When future doctors enter medical school, they’re all in for a similar experience. They’ll study hard, take tough courses and tests, and will do “rotations” – periods of assisting in different medical capacities, including everything from surgery to pediatrics. It’s during these rotations that the most important thing about our healthcare system begins to take shape: the diversity of expertise and mission that defines the medical community. A shortage of any one type of doctor is a crisis in medicine, and our health care system is lucky to enjoy the benefits of a balanced and talented diversity of doctors.
The generalists and specialists
The incredible diversity of medical professionals we need – from brain surgeons to primary care physicians – is matched by the diversity of skills that these backgrounds require. To perform brain, spine, or neurovascular surgery, a doctor must be able to learn the incredible specifics of these areas of the body – and must also have the steady hands and dextrous touch that befit a surgeon. A primary care physician, on the other hand, does not need a safe-breaker’s fingertips – but he or she does need an encyclopedic knowledge of the human body. While some types of specialists can afford to focus in on very specific parts of the body, the generalist must have big-picture knowledge about how the entire system works, and must be able to quickly pinpoint where the problems with their patients are located so that the patients can be sent to the correct specialists and surgeons.
There are no fools in medical schools, but the diverse array of skill sets needed for the vastly different career paths in medicine mean that not all doctors are equally qualified for all medical positions. Through their rotations, though, future doctors can pinpoint their strengths and their weaknesses – as well as their passions – and find the perfect path forward in medicine.
Passions and politics
Doctors’ career decisions don’t only matter because of the balance of specialists and generalists. They also matter to the healthcare system itself. The United States’ healthcare system is flawed, and it’s the subject of great debate – a debate that doctors take part in both through their words and their actions.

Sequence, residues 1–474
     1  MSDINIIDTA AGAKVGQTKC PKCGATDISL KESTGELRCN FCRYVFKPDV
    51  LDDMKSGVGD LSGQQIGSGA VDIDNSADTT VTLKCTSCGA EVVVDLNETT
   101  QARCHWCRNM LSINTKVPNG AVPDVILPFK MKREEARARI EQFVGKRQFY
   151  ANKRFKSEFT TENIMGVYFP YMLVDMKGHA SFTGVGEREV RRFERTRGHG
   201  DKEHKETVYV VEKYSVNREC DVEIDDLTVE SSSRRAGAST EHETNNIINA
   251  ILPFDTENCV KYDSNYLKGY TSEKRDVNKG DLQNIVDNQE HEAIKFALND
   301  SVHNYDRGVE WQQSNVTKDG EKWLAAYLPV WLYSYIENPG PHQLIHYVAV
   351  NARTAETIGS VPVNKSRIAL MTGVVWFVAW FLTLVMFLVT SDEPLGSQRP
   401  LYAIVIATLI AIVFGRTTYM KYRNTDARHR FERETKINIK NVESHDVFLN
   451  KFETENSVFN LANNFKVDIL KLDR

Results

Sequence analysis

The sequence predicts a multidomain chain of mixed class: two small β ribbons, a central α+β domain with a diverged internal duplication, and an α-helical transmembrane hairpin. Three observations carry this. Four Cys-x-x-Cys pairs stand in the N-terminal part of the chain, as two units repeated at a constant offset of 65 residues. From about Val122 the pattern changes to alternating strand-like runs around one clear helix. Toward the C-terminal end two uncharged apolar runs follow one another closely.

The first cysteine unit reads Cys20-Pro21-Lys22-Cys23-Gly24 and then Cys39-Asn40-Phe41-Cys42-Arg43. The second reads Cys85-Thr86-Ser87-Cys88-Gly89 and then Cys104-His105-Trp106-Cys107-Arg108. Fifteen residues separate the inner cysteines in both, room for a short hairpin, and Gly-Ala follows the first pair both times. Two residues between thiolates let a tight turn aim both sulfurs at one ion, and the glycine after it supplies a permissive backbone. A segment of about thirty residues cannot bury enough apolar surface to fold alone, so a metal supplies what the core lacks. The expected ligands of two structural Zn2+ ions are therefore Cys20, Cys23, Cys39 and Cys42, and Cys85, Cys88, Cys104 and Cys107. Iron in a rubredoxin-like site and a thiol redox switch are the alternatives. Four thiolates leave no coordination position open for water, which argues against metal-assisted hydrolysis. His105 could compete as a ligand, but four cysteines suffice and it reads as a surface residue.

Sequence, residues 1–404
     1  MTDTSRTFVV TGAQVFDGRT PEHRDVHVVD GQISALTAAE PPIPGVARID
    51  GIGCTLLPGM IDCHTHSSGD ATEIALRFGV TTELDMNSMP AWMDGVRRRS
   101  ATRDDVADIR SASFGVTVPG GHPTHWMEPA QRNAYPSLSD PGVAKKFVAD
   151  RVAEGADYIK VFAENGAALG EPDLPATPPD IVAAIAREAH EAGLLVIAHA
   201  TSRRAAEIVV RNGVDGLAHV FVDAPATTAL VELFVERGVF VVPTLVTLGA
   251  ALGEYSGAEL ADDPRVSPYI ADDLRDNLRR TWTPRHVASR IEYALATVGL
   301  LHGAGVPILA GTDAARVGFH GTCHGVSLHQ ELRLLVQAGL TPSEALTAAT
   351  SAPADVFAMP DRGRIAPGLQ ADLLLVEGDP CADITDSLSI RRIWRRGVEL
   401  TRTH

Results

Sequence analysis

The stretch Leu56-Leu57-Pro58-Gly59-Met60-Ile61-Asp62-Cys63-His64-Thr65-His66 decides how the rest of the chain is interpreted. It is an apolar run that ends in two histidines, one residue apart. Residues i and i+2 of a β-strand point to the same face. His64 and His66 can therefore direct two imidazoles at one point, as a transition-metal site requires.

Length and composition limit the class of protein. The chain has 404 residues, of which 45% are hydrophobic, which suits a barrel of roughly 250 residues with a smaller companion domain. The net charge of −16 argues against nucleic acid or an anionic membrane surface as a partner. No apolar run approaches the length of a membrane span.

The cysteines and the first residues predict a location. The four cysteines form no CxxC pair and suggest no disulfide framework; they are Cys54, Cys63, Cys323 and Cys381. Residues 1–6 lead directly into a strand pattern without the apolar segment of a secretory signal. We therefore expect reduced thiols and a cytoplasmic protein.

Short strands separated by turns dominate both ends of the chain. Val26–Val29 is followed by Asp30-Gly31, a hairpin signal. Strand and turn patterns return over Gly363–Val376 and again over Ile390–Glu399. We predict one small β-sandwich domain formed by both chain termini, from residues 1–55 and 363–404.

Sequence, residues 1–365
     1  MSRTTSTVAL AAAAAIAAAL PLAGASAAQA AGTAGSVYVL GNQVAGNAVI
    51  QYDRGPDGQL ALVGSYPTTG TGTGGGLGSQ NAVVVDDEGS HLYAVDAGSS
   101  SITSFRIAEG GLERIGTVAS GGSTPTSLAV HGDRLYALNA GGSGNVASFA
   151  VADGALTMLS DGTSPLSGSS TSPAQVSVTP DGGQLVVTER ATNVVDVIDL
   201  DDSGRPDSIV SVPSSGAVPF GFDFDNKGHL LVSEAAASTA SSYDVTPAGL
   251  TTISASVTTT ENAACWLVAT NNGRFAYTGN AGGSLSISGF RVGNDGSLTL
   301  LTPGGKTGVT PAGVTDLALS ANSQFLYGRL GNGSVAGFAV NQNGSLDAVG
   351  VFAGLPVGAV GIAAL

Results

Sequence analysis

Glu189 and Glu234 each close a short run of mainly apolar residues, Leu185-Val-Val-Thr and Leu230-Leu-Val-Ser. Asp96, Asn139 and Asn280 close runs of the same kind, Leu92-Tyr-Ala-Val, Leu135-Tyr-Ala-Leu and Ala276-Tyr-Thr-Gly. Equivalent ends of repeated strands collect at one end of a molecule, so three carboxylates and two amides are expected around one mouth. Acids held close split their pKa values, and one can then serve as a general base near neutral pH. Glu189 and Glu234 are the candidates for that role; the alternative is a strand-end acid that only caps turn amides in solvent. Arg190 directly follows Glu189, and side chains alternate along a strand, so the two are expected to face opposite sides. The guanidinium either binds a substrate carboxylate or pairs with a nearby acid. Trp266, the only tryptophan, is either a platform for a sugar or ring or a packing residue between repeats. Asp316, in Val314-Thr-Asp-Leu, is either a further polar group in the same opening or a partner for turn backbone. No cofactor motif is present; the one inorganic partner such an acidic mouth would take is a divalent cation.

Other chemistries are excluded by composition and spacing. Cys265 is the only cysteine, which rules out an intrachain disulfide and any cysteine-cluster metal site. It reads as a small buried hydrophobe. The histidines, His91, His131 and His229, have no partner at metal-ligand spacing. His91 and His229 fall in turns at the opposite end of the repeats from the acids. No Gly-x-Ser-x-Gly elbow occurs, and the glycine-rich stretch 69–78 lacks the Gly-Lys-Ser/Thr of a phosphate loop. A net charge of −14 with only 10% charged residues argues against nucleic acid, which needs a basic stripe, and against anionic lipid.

Some doctors, for instance, dedicate their lives and their careers to securing reliable care for underprivileged patients. Not all doctors accept government-sponsored healthcare plans like Medicare and Medicaid, but others work all their lives to ensure that the poor and elderly have access to quality care at federally qualified health centers.
This admirable mission is the calling of many doctors, while others take up positions all along the spectrum. Some doctors serve needy patients for free. Some cosmetic surgeons cater to the super-rich, while others focus on reconstructive surgery for burn victims and the victims of assault. Some doctors travel the world full-time to provide free care, while others take breaks from their regular domestic practices to head out on temporary trips with the same global goals.
A quick look around the medical community reveals all types of doctors with all types of goals. Our healthcare system isn’t perfect, but the fact that it functions as well as it does is thanks in no small part to the diversity of our medical community. Doctors from all walks of life are choosing all different ways to serve their patients, from varied specialties to different political and charitable callings. Together, they make our healthcare system function.